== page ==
Intramedullary spinal sarcoidosis should be carefully considered as a possibility in a patient with known sarcoidosis who develops a radiculopathy or myelopathy. On rare occasions, intramedullary spinal sarcoidosis may be the initial manifestation of sarcoidosis. Manifestation mimicking a cord neoplasm is more common, but a relapsing-remitting neurologic course can occur. An infiltrating intramedullary cord lesion with leptomeningeal enhancement should bring to mind the possibility of sarcoidosis. A systematic search for evidence of extraneural sites of involvement should be mandatory in such cases. Even in the absence of systemic symptoms, targeting such sites for potential biopsy can result in the identification of the disease process with substantially less morbidity than sampling neural tissue. A high index of suspicion for the diagnosis is required because early intervention is associated with a favorable outcome. Progressive deterioration, nonresponsiveness to steroids, and an enlarging cord mass should prompt reconsideration of the diagnosis. In such cases, performing a biopsy of neural tissue may be inevitable.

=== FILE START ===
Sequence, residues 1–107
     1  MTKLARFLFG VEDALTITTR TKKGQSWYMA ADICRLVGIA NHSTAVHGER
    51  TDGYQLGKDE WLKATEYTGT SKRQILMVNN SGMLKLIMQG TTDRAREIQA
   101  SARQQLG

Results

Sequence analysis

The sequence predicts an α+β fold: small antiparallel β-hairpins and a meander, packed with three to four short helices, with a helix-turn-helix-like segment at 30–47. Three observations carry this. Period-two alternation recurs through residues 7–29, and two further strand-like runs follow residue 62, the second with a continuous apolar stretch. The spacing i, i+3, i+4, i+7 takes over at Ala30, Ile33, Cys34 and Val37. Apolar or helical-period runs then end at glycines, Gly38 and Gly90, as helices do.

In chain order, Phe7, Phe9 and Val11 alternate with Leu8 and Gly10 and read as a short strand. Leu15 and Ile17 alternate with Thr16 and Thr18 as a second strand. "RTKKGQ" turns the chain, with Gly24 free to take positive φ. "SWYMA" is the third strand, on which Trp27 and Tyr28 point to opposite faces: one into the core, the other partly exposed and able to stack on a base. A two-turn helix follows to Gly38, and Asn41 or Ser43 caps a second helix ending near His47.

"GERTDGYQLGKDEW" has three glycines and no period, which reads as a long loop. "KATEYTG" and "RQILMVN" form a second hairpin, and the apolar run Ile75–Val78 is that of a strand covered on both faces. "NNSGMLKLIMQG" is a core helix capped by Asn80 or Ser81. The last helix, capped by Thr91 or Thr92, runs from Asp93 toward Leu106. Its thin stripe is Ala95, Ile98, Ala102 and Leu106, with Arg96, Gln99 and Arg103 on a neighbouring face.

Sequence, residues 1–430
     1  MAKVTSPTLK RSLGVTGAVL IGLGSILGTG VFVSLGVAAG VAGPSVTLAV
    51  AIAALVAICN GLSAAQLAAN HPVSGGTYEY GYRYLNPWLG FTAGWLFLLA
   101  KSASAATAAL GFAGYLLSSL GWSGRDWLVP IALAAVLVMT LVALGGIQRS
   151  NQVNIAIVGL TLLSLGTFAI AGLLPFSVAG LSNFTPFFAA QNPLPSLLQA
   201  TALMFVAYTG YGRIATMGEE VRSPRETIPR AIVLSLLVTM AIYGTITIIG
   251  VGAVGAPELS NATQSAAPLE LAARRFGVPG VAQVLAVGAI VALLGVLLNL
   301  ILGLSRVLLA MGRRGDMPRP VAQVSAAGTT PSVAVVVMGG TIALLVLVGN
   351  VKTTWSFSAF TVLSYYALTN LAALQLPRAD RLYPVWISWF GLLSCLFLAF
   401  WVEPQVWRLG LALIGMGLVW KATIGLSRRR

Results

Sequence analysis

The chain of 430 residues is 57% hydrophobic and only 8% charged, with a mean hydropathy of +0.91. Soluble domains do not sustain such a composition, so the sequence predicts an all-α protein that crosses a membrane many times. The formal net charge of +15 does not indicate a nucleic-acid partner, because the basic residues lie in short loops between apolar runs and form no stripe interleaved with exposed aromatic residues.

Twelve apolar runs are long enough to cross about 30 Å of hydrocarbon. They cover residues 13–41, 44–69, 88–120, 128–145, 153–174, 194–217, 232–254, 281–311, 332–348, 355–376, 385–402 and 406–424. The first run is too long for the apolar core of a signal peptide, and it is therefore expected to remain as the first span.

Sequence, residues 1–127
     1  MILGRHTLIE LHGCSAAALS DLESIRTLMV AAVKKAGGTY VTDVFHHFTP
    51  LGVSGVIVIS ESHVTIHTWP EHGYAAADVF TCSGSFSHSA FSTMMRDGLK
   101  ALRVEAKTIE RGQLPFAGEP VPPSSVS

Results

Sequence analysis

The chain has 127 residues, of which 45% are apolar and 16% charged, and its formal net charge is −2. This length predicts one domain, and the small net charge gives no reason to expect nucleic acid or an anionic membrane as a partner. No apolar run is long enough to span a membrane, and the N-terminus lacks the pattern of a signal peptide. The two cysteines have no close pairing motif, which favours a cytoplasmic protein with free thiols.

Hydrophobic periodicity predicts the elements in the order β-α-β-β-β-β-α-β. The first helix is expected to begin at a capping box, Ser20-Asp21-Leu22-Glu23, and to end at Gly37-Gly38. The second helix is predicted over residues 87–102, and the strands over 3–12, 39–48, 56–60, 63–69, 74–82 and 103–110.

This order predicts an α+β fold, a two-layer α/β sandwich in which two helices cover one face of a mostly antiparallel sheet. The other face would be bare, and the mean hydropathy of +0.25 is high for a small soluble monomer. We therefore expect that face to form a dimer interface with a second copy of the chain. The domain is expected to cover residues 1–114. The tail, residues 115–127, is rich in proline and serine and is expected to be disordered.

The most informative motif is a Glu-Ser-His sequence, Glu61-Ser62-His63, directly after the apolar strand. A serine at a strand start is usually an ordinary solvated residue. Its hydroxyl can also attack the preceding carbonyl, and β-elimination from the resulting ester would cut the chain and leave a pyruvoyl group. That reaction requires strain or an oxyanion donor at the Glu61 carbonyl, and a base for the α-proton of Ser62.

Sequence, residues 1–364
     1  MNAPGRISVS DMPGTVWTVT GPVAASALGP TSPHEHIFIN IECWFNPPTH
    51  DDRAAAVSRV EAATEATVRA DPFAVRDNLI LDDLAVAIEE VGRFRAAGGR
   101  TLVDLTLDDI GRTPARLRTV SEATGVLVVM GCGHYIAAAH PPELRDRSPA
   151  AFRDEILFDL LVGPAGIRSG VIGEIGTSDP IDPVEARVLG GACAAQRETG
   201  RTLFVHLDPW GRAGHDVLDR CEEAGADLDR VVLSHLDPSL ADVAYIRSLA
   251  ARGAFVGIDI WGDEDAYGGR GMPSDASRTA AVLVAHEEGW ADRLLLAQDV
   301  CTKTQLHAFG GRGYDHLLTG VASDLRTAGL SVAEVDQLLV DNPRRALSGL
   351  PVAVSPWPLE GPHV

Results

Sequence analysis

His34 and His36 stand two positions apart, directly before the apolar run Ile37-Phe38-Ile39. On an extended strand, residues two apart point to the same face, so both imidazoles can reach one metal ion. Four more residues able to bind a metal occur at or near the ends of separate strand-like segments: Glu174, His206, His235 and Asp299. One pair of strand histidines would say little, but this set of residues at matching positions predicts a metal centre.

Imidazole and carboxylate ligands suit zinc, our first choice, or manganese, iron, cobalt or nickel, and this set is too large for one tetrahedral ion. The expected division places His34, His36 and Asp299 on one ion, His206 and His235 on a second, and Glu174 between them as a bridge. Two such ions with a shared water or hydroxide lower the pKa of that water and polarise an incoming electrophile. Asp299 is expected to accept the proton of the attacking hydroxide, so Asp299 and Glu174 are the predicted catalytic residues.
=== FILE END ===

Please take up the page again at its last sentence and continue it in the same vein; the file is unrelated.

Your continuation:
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Article Information

Corresponding author: Elliot M. Frohman, MD, PhD, Department of Neurology and Ophthalmology, The University of Texas Southwestern Medical Center at Dallas, 5323 Harry Hines Blvd, Dallas, TX 75235 (e-mail: elliot.frohman@utsouthwestern.edu).

Accepted for publication August 13, 2003.

Author contributions: Study concept and design (Drs Kumar and Frohman); acquisition of data (Drs Kumar and Frohman); analysis and interpretation of data (Drs Kumar and Frohman); drafting of the manuscript (Drs Kumar and Frohman); critical revision of the manuscript for important intellectual content (Dr Frohman); administrative, technical, and material support (Dr Kumar); study supervision (Dr Frohman).